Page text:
Thom Dunn is a Boston-based writer, musician, homebrewer, and new media artist. He enjoys Oxford commas, metaphysics, and romantic clichés (epecially when they involve whiskey and/or robots). He was once paid $200 to dress up like Spider-Man and sign autographs at a Wal-Mart. This remains the single greatest moment of his life, but that doesn’t stop him from trying.  He can be found online at thomdunn.net or @thomdunn.

5 comments
Mordicai Knode
1. mordicai
I say: fundamentally alienated divinity who choses to help. Superman is the triumph of ethics, of the logic of doing good; he's the sun god fallen to Earth & shown by the Kents that doings good is the right thing because it is the correct thing. It is how he engages with humanity; Clark Kent isn't an indictment of humanity like Bill says, it is his love poem, his attempt to reach out & bridge the gap between human & god.
sabbx
2. sabbx
The problem with Superman is few writers have grasped the unique qualities of his hero persona since the 50's. The original interpretation of the character came from the Depression and 20's, rooted in the concept of powerless and the desire to have a hero who enacts the wish-fullment desires of the reader. The character is Clark Kent, who assumes the persona of Superman, not the other way around which has become the modern interpretation. The 50's spin, the all-powerful, near deity Superman reflects something of the tenor of the American 50's, when U.S. power was unquestioned in the world. The character has been trying to shake that image ever since, despite various reboots and minor alterations.
Mordicai Knode
3. mordicai
I think a big part of the problem is that people somehow have gotten it into their head that Superman is invincible? Which is to say-- yes, of course Superman is going to win, he's the hero, but the same is true of Batman & no one has any problem writing convicing challenges for him. But Superman-- come on, there are lots of problems you can't punch to defeat. There is an infinite universe to spit other super strong aliens at him. There are human stories, there are cunning stories, there are psychological stories, there are cosmic stories...he's not irrelevant, he's superemely relevant. We use fiction to hold up a mirror to ourselves...Superman is the mirror that reflects us & lets us say-- "AWESOME."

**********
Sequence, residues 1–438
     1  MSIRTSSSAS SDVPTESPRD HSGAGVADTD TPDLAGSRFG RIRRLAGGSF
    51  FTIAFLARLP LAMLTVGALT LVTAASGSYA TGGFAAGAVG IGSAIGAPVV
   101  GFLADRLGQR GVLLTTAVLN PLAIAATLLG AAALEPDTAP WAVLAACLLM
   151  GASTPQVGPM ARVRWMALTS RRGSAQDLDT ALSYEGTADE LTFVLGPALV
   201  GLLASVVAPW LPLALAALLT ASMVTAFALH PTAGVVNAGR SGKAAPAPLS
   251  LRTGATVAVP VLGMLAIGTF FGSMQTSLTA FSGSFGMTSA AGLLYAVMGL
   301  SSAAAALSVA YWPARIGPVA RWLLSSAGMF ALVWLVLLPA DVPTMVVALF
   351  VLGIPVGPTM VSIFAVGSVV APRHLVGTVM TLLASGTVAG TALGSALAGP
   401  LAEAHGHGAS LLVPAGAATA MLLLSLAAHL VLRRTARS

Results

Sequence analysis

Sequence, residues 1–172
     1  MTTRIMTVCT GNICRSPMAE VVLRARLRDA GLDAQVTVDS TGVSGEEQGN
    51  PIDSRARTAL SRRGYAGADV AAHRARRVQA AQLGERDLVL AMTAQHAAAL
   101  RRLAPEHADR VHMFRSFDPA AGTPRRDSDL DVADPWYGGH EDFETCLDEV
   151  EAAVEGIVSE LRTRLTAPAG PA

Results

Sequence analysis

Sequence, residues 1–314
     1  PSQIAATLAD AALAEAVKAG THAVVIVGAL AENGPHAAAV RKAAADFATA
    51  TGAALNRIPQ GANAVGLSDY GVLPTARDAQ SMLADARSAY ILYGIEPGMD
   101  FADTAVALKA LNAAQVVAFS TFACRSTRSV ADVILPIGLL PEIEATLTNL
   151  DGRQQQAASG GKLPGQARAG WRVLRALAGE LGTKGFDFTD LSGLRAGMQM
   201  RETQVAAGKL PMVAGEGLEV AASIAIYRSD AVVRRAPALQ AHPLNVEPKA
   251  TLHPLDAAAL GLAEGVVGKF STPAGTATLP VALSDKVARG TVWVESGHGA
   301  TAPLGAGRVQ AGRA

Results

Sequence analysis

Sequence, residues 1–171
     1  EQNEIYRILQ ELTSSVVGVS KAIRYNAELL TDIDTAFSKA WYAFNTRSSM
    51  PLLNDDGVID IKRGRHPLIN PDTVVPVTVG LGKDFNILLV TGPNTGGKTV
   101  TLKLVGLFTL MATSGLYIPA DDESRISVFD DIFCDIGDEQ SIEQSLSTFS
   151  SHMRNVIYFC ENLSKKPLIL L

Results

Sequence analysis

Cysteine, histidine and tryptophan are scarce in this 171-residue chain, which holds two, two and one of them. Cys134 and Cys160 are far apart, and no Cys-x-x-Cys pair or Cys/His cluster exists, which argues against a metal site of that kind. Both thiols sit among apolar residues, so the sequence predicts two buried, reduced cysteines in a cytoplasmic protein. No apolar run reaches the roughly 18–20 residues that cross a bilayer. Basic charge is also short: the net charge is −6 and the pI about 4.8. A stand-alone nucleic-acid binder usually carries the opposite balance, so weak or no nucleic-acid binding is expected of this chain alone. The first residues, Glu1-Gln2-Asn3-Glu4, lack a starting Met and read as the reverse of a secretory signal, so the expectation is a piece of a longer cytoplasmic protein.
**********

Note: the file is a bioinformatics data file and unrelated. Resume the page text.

sabbx
4. ChrisC
I don't know that I've ever read a better summary of the good of Superman. Also, I think the story, Red Son, explains the dangers of Superman better than anything. In that story, he is made larger than life and encouraged to not be human, but to be the embodiment of something innately non-human, so he stops empathizing with people and becomes exactly what Luthor fears he is.

Superman's tension to me always came from the fact that he cannot ever just _be_. Should he ever, even for a moment, relax, then the world might literally end, or at least everything he cares about would. If he got annoyed, he might literally blow someone up without intending it. Should he just fall into bed like so many of us do, he might crush not only his bed but the people beneath his apartment. He has to be human because anything else risks too much. Thus, Clark Kent isn't just a cover for him, it's a release. Clark becomes the thing he wishes he could be, but never can, normal, boring, flawed. . . human. God bless the man who is willing to give up everything for his fellow man when we aren't even his fellow men. God bless Superman.
sabbx
5. JohnM
Arguably, Batman is less vulnerable as Bruce Wayne than as Batman. Batman constantly places himself in danger, with only training and technology a barrier to harm. But Clark Kent is, conversely, more vulnerable - to emotion, to humiliation, to (sometimes feigned) social awkwardness. There's more internal tension in Superman's fate, to live as both an "immortal", and like a frail human (an almost Christ-like transformation). But I don't see a necessary choice between Batman and Superman, except as a device to lead your essay. We can have both Batman and Superman, both fighting against "evil".

Subscribe to this thread

Receive notification by email when a new comment is added. You must be a registered user to subscribe to threads.
Post a comment